Hanitsch (1931) noted the relatively large size of the species compared to other Periplaneta species.

Description

Size (mm): ♂ TL: 45.71 ± 2.29; BL: 37.42 ± 3.69; Pn: 11.57 ± 0.79 × 14.86 ± 1.46; Tg: 35.71 ± 2.29; ♀ TL: 48.5 ± 2.01; BL: 41 ± 2.53; Pn: 11.6 ± 0.51 × 15.8 ± 1.03; Tg: 37.7 ± 2.41.

Male. Reddish-brown throughout. Vertex exposed. Ocelli present. Pronotum wider than long, markings indistinct. Tegmina well-developed, extending beyond abdomen. Fore femur A2. Pulvilli present on four proximal tarsi. Minute sub-apical spine present on three proximal tarsi. Mid- and hind tibia with several minute spines on outer aspect. Hind basitarsus longer than succeeding tarsi combined. Arolia minute. Tarsal claws simple, symmetrical. Abdominal tergal gland absent. Supraanal plate testaceous, deeply divided, each lobe rounded with minute round projection. Genitalia as illustrated, genital hook angulate, with minute sub-apical process.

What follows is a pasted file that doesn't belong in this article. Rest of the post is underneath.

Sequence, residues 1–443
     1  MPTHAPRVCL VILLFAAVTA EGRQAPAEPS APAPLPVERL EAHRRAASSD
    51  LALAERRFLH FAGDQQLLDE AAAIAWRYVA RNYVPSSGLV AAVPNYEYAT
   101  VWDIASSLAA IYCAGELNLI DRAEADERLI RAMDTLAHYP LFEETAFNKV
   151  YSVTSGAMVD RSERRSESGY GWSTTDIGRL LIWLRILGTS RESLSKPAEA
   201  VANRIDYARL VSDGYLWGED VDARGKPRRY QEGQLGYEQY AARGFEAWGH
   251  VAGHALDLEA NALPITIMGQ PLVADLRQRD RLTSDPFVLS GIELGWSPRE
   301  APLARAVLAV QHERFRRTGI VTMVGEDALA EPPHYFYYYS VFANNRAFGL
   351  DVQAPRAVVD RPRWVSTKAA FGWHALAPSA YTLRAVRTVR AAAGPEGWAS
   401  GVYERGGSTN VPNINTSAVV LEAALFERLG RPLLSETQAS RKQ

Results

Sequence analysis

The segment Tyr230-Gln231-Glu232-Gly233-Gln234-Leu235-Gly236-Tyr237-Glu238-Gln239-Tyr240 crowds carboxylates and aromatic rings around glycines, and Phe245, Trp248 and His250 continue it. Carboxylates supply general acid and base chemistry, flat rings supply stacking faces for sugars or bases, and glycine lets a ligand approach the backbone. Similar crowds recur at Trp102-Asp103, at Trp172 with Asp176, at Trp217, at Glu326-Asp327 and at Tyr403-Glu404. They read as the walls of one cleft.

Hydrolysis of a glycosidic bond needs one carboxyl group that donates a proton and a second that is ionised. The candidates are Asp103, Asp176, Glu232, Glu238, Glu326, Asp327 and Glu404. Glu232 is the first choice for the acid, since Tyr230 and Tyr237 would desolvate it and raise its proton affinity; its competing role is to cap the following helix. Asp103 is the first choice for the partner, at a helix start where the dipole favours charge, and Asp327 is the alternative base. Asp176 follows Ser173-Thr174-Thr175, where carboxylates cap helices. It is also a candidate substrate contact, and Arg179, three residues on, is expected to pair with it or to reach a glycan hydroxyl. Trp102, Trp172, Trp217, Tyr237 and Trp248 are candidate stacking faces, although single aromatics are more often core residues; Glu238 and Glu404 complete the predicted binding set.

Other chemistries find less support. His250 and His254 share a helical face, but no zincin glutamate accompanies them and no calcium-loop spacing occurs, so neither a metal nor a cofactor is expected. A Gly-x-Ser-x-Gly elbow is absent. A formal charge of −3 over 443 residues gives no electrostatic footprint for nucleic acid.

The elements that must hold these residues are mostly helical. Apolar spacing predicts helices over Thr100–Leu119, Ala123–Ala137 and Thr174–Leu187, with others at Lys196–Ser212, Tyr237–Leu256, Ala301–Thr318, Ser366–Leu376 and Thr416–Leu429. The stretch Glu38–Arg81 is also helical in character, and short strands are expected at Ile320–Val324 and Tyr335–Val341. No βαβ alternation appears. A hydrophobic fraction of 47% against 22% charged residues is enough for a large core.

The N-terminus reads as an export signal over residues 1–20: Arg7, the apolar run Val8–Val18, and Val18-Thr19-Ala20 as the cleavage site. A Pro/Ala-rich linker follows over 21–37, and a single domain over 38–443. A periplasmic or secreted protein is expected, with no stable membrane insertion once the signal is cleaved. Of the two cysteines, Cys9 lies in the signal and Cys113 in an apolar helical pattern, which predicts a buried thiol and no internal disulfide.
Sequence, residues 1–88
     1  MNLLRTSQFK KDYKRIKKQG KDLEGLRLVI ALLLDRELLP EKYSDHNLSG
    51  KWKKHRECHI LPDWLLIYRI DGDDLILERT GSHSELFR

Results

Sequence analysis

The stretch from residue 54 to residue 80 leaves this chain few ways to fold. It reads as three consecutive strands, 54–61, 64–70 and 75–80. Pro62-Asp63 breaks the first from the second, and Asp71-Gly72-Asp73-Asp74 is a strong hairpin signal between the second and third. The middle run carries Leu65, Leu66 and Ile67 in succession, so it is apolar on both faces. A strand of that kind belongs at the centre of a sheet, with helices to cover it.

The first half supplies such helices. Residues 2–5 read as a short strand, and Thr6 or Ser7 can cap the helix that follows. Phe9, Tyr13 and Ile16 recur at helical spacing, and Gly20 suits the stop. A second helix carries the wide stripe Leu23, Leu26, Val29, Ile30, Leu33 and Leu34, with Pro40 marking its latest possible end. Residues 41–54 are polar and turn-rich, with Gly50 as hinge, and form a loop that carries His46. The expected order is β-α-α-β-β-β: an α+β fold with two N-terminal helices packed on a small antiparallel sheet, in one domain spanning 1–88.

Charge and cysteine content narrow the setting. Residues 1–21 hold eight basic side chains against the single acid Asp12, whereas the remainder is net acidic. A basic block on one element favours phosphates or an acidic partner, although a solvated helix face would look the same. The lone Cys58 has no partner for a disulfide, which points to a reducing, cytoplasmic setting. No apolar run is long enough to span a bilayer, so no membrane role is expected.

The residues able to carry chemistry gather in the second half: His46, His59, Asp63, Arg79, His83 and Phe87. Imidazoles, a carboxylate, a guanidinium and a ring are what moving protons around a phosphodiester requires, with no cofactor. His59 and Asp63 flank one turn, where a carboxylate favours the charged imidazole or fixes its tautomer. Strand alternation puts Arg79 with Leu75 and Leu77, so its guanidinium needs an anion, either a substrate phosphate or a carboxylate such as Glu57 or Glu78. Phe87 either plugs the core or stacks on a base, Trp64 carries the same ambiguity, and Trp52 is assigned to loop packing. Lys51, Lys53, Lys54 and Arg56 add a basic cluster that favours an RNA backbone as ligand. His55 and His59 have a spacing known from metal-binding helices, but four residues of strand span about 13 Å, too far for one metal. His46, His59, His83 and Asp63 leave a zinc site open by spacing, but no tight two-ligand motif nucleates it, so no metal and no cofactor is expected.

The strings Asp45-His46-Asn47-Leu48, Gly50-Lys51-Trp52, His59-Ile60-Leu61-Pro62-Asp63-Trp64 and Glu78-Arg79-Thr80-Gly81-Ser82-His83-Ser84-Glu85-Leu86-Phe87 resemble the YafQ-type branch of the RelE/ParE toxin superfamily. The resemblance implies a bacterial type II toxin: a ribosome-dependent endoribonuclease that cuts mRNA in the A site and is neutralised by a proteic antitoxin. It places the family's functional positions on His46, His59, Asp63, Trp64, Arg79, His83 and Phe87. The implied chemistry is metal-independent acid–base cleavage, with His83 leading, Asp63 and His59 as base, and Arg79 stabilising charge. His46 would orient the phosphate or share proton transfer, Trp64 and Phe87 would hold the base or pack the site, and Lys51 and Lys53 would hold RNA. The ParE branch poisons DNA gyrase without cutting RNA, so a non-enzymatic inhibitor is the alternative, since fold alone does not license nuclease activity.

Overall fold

Female. Similar to male except that supra-anal plate rounded with deep division. Subgenital plate valvular.

Distribution

Philippines, Taiwan

Ecology

This is the first record of the species inside caves. The species is abundant and most individuals hid among the crevices of the cave walls. They were found from the twilight to the dark zone. Nymphs and mating pairs were often seen, suggesting that the species can complete their life cycle within the cave. Despite that, P. banksi is classified as troglophilic because of the lack of distinct troglobiotic characters and the possibility of the species surviving outside cave conditions.